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A few years ago, a guy in his mid-70s planted the seed in me for riding. First, I was amazed that someone could survive these days without a car. Second, that an old guy could ride a bike thousands of miles a year.

The other thing that struck me was he said, "I buy all my bikes at Wal-Mart. I never spend more than $100 for a bike. Then I ride them until they fall apart."

"How long do you get out of them?"

"I buy two or three a year," he replied.

When I bought my first bike, it was from an LBS. It cost four times what the old guy spends. I still have it. Thus far, it has 4,000 miles on it with no repairs and only general maintenance. Of course, I've "graduated" to better LBS bikes, but I still use the hybrid for grocery runs and rainy day riding.
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Old 07-01-07, 07:50 AM   #14
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The Denali might not suck big time, but... unless you're willing to do ALL of your own work, it'll cost more in the long run than a new bike shop bike.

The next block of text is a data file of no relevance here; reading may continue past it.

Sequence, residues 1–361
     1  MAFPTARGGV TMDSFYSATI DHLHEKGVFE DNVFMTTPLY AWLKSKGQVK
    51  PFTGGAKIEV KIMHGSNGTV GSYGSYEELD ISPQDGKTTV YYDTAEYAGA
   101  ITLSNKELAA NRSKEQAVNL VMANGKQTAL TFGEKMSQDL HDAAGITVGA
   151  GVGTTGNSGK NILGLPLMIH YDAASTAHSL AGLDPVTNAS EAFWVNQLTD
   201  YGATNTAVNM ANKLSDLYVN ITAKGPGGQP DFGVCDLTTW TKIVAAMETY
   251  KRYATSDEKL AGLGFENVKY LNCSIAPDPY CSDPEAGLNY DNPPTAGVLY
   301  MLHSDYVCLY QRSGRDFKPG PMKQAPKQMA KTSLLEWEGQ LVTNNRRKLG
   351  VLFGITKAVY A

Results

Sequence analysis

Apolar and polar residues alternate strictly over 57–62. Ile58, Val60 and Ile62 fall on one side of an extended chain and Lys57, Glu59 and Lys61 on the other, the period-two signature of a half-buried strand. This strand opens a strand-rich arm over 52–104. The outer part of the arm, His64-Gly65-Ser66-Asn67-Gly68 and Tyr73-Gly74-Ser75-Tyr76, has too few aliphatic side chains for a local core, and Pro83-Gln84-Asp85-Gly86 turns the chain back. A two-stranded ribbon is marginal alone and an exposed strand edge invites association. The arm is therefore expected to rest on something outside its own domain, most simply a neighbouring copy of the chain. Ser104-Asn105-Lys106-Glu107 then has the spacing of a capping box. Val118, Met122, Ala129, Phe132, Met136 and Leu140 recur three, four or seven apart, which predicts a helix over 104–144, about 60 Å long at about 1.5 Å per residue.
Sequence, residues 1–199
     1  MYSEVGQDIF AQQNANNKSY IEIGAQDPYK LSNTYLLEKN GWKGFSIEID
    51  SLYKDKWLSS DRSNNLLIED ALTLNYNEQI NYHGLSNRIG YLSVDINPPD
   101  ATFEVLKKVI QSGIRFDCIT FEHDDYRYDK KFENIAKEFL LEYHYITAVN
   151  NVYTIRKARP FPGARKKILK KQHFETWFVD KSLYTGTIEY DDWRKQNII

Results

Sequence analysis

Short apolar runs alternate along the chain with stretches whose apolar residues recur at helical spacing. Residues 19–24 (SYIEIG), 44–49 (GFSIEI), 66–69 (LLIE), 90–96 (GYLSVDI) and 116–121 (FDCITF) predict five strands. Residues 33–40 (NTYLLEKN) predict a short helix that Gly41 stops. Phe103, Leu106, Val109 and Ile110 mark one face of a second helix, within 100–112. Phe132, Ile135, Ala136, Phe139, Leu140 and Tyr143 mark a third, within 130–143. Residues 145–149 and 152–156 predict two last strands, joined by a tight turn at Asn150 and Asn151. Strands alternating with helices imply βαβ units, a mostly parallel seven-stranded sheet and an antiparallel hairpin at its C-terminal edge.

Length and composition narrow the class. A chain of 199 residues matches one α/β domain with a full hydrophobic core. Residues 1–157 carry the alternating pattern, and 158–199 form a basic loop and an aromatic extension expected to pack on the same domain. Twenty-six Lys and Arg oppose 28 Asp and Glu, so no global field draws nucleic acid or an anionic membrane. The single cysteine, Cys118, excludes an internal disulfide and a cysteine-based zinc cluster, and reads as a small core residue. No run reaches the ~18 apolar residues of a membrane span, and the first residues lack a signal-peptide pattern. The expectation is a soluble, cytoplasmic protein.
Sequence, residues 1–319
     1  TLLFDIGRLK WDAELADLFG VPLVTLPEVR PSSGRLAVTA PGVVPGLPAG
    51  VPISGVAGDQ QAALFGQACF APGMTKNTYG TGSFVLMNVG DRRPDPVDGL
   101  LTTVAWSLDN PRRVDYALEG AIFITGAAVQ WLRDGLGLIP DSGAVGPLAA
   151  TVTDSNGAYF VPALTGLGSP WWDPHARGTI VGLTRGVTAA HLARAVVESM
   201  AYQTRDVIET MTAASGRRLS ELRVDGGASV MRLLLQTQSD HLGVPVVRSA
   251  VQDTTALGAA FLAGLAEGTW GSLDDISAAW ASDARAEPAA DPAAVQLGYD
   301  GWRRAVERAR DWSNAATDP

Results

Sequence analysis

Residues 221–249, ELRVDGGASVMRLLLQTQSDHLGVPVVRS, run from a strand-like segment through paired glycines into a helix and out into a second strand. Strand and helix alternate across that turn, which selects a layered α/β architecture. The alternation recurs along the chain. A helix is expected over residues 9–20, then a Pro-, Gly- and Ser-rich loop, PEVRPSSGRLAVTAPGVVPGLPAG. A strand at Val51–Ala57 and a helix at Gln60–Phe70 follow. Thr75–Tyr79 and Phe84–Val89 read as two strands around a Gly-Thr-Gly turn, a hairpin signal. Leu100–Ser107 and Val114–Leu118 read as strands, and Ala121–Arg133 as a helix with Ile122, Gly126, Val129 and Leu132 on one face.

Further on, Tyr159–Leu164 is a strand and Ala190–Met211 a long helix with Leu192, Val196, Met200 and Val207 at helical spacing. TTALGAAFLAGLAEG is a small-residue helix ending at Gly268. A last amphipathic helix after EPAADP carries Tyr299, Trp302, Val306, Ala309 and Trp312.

And, if you're in an area with a strong used market for bikes... a used bike might be better than a new Denali.

DO NOT get a mountain bike from Wal-Mart, they all suck. You have to get suspension to get one that won't fall apart just looking at it, and if you get suspension, it'll be horribly inefficient - your pedaling will go to making the suspension move, not the bike move. Besides, the tires will suck for road riding anyway. (Yes, you can replace them, but that's more expense.)
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Old 07-01-07, 08:12 AM   #15
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Quote:
Originally Posted by Spreggy
What's their say in it? If you're talking about their money, then I agree with them. I will never be buying my kids a $600 bike, or a nice car. They will take whatever cheapy I give them until they are ready to step up to the plate. If it's your money, and they are guiding you on whether to spend your saved money or save it for college, go to college.

They only want you to succeed.
I got a masters degree already and I'm earning my own living. But still, they want me to spend money on more useful things like... furniture.
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Old 07-01-07, 08:16 AM   #16